For the rampbot, I made a daughter board that sat on top of Shane’s lovely 2.007 board, which is included in the kit of parts. The rampbot daughter board included a switch to select which side of the field was operating on, and an indication LED for each side (red and blue). Because the rampbot had to autonomously deploy every single time for the system to work, I made the code for this part extra-hyper robust. It included a full self-test routine and the side could not be changed without resetting the entire robot.

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It sensed the start LED with a photo cell on a random piece of extrusion. At this point, the robot was competition ready, and this was a pretty good feeling.

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Communication between the rampbot and the ramp runner was attained through a servo wire. While waiting for start, the rampbot pulled the signal line high. When the match began, the rampbot deployed, then pulled the signal line low and off went the runner.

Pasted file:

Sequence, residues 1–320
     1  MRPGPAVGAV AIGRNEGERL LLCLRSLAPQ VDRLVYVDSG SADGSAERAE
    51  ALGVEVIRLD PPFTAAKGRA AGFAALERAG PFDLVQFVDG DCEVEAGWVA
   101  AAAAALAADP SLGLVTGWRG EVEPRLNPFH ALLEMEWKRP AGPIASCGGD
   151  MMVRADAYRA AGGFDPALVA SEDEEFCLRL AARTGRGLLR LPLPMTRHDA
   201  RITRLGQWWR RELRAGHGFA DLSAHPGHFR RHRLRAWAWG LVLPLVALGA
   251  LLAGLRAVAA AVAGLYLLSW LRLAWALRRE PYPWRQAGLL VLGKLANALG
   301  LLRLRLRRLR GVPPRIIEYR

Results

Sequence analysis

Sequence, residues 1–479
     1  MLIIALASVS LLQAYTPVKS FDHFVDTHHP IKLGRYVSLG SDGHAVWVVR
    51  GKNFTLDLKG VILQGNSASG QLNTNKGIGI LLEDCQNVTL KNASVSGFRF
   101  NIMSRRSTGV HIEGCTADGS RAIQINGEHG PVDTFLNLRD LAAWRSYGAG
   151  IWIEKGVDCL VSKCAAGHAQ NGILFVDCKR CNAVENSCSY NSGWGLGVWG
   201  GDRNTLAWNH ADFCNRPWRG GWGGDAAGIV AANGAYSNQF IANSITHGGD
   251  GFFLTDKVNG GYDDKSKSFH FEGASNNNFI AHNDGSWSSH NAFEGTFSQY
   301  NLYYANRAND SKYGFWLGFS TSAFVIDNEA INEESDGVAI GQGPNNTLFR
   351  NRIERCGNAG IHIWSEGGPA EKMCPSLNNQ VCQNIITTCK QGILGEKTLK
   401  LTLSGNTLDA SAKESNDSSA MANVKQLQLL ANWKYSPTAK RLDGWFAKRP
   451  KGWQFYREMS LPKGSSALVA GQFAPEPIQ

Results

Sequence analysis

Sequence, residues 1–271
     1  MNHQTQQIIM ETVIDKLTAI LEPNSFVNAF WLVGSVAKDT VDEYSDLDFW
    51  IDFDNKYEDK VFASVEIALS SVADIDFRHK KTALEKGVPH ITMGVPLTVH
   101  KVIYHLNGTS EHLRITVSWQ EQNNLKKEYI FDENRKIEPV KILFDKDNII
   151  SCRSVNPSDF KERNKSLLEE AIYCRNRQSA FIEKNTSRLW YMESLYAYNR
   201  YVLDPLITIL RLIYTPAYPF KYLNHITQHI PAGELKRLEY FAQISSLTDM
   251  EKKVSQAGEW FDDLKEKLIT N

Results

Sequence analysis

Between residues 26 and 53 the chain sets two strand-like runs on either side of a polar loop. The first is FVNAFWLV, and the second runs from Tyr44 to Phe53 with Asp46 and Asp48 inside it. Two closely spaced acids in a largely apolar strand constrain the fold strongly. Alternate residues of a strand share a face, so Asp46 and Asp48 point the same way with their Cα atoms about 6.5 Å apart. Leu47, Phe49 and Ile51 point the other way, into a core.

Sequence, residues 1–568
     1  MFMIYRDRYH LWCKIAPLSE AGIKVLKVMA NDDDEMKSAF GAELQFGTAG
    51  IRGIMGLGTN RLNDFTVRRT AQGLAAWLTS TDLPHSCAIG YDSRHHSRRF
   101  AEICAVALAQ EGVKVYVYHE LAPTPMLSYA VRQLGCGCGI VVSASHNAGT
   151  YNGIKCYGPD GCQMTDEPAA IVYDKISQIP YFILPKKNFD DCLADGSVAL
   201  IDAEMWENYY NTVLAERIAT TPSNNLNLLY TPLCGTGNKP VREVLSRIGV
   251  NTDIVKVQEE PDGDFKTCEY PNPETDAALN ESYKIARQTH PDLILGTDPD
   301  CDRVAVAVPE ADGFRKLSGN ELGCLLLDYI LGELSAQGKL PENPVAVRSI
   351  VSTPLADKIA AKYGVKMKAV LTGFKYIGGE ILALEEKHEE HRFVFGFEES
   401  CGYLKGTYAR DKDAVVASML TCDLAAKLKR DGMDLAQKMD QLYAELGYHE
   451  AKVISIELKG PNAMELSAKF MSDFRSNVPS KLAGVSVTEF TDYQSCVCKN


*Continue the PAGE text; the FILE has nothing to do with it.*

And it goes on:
Tethers:

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Complete program flow:
Rampbot waits for start LED
LED goes on, rampbot deploys with servo
Rampbot pulls communication tether low
Ramp runner waits a second for everything to settle
Ramp runner drives off of ramp
Ramp runner begins driving loop

With only a few days left until impound I decided to do something dumb and repurpose the C9V2.1 robot into a backup robot. In case of main robot failure, the backup robot could be manually driven off the rail and the backup robot deployed into the action. I built my own remote controller and receiver, which operated used a sort of ghetto PPM signal on 433mhz. I tested this a tiny bit and then called it guud.

433mhz Transmiter:

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Receiver on daughter board:

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With all that going good I impounded and breathed the air of freedom. Read on for part 4, the competition!!